Dal profs and students talk oceans research with Chancellor Merkel
A private meeting with a global leader
Kevin Hartford - August 17, 2012
It’s not every day that you get to meet a world leader, let alone have the opportunity to share your passion with them.
But when Chancellor Angela Merkel made Dalhousie her only other stop besides Ottawa on her first bilateral visit to Canada, she specifically requested time to sit down and meet with some of the university’s oceans researchers — both faculty and students.
Despite the motorcade, security, and sizeable entourage, the researchers found Chancellor Merkel, who Forbes magazine recently named the world’s most powerful woman, surprisingly down-to-earth.
“At first I was intimidated,” said Paul Mattern, a PhD candidate in Mathematics and Statistics and Oceanography, who took part in the roundtable discussion with the Chancellor. “There were hundreds of people [on campus] and they were closing up all the [nearby] buildings, but she’s a very nice person. It was almost a personal communication with her.”
Chancellor Merkel has a doctor’s degree in chemistry from the University of Leipzig and is the first female Chancellor of Germany, a position she’s held since 2005.
“She was so approachable, it was unreal,” said Boris Worm, an assistant professor in Dal’s biology department, who facilitated the discussion. “She’s a scientist, so she was really interested in what was being said.”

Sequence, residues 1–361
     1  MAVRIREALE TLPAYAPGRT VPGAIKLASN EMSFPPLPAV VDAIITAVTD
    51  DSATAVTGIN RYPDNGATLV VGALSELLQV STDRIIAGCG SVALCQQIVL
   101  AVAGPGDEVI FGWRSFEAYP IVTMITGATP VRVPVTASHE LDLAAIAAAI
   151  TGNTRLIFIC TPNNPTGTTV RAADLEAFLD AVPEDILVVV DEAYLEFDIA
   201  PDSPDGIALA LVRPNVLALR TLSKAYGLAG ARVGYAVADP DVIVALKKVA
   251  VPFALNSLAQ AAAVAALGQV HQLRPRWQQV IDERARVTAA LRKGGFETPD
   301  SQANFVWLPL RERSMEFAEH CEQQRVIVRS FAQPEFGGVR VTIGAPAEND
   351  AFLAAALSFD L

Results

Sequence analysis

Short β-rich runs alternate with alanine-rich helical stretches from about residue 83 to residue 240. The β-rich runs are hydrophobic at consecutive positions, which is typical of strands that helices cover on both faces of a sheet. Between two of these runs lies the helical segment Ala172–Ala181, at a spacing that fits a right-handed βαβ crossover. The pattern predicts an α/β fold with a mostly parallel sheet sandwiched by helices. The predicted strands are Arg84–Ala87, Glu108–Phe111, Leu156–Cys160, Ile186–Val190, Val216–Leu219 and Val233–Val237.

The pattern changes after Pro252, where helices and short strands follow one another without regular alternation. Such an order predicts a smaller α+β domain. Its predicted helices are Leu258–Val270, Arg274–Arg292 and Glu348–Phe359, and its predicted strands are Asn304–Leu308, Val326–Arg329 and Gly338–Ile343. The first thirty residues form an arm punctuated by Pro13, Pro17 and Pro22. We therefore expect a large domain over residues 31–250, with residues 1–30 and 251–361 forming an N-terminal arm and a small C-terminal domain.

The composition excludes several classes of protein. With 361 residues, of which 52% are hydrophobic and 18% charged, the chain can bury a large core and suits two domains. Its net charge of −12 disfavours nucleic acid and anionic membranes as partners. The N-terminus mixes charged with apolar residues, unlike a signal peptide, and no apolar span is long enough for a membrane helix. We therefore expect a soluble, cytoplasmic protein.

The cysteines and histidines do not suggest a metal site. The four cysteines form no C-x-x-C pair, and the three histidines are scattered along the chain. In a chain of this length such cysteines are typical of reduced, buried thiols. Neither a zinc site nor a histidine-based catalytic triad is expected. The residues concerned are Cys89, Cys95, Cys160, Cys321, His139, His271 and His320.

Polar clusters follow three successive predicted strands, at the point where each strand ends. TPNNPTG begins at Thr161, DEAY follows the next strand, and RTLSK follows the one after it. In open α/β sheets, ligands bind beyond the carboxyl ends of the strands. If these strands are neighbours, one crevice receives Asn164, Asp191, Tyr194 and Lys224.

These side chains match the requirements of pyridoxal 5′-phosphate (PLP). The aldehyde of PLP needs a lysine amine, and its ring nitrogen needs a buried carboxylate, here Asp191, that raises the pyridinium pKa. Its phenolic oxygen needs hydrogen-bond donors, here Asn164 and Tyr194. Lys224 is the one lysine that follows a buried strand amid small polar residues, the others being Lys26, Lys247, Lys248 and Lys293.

“There’s a connection between her and science,” said Mr. Mattern. “She’s not just a far-removed politician.”
Mr. Mattern was actually singled out for recognition during the meeting: he defended his doctoral thesis on Wednesday, and the Chancellor personally congratulated him and led the room in applause.
“That doesn’t happen every day,” said Dr. Worm. “[Mr. Mattern is] German, too, so that means quite a bit, for the head of state of your country to congratulate you personally, one day after defending your PhD thesis.”
Making connections, determining priorities
The subjects discussed included global challenges, research priorities, policy requirements, and societal implications of oceans science, and how these will be addressed through German-Canadian collaboration. Part of the Chancellor’s visit to Dal included signing a memorandum of understanding on scientific research between the Halifax Marine Research Institute and Germany’s Helmholtz Association.
Read also: German Chancellor makes the most of her Dalhousie visit
Some of the researchers taking part in the discussion included biologists John Cullen, Sara Iverson and Julie Laroche; oceanographers Keith Thompson and Katja Fennel; Doug Wallace, the Canada Excellence Research Chair in Oceans Science and Technology; and Meinhard Doelle of the Schulich School of Law’s Marine & Environmental Law Institute.